It was first period Friday morning and the exhaustion that always accompanies the end of my first week back had slammed me. I was looking over the circle maps and surveys, the “getting to know you” homework from the previous night, that my students had turned in while they were taking a pre-assessment. They were mostly filled with the normal things you usually see from middle school students: lots of things on extra-curriculars and interests, lots of “a good math teacher explains things and answers questions” and “a bad math teacher doesn’t teach you”, some “I like to work in groups” and some “I hate to work in groups”. There was one thing, though, that stopped me dead. It was in a section that parents were supposed to complete. It asked for one thing that the parents wanted me to know about their student. The parent had signed it, but the student had clearly written it.
The week leading up to this moment had been jam-packed and the days had been long, long, long. I spent my first official day back reading IEPs to make sure that service hours matched qualifications and that schedules matched service hours, working to fix any scenarios where qualifications/service hours/schedules did not match, documenting modifications and accommodations for all the kids on my caseload and getting those out to teachers so that they would have them before students arrived for the first time. Day two was registration and training on the new discipline plan. Day three I attended district professional development and administered math placement tests to new students. Day four I led professional development on formative assessment all day and squeezed in an hour for JumpStart with my new 6th graders. Day 5 was my first day with my students. There had been a couple of math department crisis thrown in for good measure sprinkled throughout the week. Every single day I had spent 11 plus hours at school and was pretty much running on empty, just trying to make it through to the weekend. So, you could say it was a fairly typical first week.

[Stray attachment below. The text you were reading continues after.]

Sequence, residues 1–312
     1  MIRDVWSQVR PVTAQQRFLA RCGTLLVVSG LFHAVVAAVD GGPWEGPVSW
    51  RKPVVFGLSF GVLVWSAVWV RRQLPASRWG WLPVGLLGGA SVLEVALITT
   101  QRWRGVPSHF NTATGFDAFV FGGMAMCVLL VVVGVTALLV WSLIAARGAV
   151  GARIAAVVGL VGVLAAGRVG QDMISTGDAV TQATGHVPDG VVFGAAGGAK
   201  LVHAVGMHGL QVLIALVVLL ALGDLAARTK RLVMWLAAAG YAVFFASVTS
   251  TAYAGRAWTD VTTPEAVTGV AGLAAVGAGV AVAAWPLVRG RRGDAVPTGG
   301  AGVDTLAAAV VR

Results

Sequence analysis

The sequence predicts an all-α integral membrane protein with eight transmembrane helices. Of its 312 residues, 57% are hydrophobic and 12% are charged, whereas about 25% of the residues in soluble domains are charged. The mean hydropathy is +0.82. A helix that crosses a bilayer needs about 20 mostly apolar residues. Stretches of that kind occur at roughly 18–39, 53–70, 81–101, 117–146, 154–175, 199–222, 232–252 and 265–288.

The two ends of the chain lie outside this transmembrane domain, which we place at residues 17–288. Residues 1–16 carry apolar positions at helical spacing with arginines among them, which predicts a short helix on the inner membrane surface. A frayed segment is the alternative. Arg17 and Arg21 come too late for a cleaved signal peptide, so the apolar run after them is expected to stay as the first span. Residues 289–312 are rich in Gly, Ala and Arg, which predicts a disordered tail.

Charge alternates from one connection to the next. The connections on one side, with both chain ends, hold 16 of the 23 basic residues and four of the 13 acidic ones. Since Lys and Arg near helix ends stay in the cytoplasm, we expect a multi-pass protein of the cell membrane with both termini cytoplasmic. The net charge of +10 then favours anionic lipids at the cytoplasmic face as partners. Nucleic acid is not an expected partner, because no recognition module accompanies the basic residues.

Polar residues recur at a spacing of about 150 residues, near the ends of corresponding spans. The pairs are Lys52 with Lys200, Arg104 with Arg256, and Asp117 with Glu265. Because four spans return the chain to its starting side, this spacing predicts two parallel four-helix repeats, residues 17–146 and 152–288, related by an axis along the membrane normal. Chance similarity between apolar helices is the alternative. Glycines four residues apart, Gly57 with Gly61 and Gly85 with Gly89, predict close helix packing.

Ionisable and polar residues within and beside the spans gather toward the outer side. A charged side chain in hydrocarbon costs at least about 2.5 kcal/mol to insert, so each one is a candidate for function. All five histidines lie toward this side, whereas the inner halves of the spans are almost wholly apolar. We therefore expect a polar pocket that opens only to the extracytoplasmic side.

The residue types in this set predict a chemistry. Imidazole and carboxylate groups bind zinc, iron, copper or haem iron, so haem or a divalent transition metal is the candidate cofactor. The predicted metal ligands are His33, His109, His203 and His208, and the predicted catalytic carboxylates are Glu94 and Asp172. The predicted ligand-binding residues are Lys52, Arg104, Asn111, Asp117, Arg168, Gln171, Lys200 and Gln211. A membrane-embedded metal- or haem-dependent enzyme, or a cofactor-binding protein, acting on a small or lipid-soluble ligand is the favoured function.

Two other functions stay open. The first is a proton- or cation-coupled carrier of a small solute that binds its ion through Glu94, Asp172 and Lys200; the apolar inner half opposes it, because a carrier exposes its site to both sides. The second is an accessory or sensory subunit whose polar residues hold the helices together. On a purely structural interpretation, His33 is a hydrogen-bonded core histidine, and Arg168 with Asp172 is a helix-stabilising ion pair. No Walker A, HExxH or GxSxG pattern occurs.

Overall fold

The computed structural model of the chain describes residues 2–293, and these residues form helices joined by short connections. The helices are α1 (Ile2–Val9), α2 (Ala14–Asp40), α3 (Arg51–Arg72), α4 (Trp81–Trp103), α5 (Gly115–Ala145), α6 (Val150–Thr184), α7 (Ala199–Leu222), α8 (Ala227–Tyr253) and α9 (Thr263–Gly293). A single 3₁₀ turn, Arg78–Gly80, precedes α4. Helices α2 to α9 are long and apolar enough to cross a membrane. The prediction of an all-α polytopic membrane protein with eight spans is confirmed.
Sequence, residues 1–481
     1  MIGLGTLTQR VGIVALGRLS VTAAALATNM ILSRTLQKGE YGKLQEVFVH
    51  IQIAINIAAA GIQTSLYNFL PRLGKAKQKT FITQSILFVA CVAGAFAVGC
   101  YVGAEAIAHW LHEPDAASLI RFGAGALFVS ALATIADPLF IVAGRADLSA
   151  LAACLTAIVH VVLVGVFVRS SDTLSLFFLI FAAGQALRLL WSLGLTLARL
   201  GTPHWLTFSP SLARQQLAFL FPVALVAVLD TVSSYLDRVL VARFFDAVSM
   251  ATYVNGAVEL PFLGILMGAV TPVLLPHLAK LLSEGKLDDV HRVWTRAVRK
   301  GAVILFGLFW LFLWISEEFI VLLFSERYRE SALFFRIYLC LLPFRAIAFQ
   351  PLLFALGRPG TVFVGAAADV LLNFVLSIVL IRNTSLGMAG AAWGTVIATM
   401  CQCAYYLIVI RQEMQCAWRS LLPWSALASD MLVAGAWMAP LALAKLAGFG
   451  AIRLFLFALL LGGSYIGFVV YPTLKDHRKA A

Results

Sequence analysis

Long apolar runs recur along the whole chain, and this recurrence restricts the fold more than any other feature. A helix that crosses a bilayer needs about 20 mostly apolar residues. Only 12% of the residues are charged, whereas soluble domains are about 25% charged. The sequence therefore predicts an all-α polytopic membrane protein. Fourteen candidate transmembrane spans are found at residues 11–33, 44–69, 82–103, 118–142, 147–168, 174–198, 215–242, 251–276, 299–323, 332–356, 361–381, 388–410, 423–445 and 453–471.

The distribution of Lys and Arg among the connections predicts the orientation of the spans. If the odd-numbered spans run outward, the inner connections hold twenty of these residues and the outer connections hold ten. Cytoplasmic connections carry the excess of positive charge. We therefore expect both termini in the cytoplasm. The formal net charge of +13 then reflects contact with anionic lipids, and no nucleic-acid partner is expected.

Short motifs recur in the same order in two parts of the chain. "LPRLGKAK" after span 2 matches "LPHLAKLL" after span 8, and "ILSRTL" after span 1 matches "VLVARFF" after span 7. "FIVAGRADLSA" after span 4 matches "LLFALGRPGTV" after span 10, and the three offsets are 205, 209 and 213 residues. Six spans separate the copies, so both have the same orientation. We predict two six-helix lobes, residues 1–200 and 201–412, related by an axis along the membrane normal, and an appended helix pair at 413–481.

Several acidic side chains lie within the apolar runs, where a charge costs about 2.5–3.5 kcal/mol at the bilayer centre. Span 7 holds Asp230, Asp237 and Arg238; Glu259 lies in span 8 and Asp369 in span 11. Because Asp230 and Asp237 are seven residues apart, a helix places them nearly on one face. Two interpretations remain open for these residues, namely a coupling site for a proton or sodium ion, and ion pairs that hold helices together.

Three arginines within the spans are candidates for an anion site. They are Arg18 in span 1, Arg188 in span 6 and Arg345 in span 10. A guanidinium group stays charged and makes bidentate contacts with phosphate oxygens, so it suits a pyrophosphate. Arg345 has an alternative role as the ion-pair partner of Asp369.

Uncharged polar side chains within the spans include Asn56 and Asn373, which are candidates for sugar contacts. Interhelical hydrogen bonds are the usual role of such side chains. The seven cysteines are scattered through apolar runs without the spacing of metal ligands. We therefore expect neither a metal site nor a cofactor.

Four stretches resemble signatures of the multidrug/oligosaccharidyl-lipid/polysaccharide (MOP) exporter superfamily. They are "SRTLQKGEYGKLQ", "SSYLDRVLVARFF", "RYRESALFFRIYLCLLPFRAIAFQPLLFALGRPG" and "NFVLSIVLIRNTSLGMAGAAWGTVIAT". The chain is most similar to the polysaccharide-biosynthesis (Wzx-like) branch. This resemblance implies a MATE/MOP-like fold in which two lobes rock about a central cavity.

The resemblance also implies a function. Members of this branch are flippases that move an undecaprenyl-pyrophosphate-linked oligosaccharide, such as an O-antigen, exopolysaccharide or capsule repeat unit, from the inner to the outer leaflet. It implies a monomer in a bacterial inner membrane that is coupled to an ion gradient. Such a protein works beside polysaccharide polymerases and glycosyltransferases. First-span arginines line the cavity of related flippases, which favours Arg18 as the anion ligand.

What did the student say? “I’m afraid ________ is going to ruin everything.” I’m not going to fill in the blank for the sake of the student’s privacy. I will only say that a sentence that begins with “I’m afraid…” is a sentence that requires courage and that demands action. Getting to know students is important, no matter how old they are.